Based on your experience in the first NFT boom, what’s your take on the current wave? What are people getting wrong?
Current metaverses are just multiplayer games running on centralized servers. As the bear market puts pressure on players and developers, as games come after each other with vampire attacks and token drops for deserters, these servers will become too expensive to maintain and they will shut down. Experience is saved on the server, not on your account or NFT, and when that server goes down, your experience does as well.
We need a big bloodbath of current metaverse projects before people will come back to the idea of decentralization. This is why we teamed up with Phala Network to build a SDK for decentralized metaverse experiences for any existing blockchain. With something like RMRK as your NFT infrastructure, you can imagine an avatar that has a NFT brain, which can develop as you gain more experience. Even if the metaverse shuts down, or if you get sick of the game, you can take your experience with you. When you enter another game, you can continue your character’s progression.
As most of the current metaverses start shutting down, you will see people become incredibly disillusioned and leave the space. This will be the Great Departure, as gamers realize they’ve been sold a lie. They’ve been sold a server that uses a NFT to log them in.
Why do you think this landscape of multiplayer games running on centralized servers happened?
It’s purely because Facebook started the hype wave. It’s economically rational to sell when there’s hype for the metaverse — I understand the need to pad your war chest before the bear market. It’s the same as in 2017, when every ICO had AI, IoT, and token white paper. It’s selling thin air to people who just don’t know better.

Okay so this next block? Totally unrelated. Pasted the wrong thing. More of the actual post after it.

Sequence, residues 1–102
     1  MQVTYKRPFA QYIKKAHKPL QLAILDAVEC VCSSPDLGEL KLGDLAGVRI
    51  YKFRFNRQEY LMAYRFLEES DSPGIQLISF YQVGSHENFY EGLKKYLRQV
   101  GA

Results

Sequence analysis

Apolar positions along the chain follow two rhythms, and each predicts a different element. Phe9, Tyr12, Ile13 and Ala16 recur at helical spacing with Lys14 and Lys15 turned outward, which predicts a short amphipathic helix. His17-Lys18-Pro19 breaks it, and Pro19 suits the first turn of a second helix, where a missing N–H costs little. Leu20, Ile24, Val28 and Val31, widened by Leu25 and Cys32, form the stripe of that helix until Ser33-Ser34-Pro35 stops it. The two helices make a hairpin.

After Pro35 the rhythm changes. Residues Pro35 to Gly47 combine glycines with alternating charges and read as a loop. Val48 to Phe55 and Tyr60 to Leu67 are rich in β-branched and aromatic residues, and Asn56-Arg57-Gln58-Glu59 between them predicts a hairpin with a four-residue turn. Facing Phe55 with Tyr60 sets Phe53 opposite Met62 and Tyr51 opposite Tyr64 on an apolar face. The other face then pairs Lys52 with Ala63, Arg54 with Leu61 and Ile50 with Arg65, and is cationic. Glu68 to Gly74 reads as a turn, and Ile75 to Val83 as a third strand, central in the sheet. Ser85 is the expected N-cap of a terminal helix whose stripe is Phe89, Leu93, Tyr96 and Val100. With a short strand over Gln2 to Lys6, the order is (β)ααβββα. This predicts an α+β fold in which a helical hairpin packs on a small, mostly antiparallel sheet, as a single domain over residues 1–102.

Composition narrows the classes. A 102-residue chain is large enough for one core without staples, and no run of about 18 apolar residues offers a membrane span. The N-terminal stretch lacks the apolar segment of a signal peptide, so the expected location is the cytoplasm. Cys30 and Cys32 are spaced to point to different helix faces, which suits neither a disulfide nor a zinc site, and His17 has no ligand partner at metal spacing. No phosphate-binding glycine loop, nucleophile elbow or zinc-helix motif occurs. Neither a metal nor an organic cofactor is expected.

It’s nothing to be surprised about. Next year, we’re going to be having the same conversation about music NFTs. The year after that, we’ll be talking about DAOs again. It’s just the way it is, until things stabilize and get mainstream adoption.
What are some NFT trends that you do think will be around for quite some time?
RMRK is an unavoidable technology. We’re the first to start it, but we might not be the first to ship it completely. I think anybody building the infrastructure we’ve specced out is guaranteed success, because the NFT 2.0 ecosystem is one of cross-collection compatibility, across multiple metaverses.
There are also certain micro aspects of NFTs that have a good future. Notably, renting of NFTs, and NFTs as DAOs, which you can collectively govern. You can imagine a Twitch streamer tokenizing their avatar so that the community can vote on its moves.
I think the biggest barrier will be oraclizing real world data into NFTs. RMRK can have a mortgage of a house that itself contains photos of the previous construction project, which can contain the previous ownership papers. You have everything in one NFT that’s completely immutable and indestructible and can be verified by anybody at any time. But turning that into something that governments and public sectors trust is going to be the next challenging thing. Anybody working on that, connecting the legal world with the NFT world, will have a hell of a time but also much success if they pull it off.
Hi, I’m Andrew Chang - I created the Web3 Roundup to share what I’m learning in this space. I’ve spent my career at the forefront of the technology industry in areas such as crypto/blockchain (Former COO @ Paxos, co-founding partner of Liberty City Ventures), video and adtech. I learn by meeting with founders, investors and other thought leaders and approach Web3 with the same enthusiasm – and skepticism – I had about crypto/blockchain technologies 10 years ago.
You can connect with me on LinkedIn or Twitter (@DigitalDrex)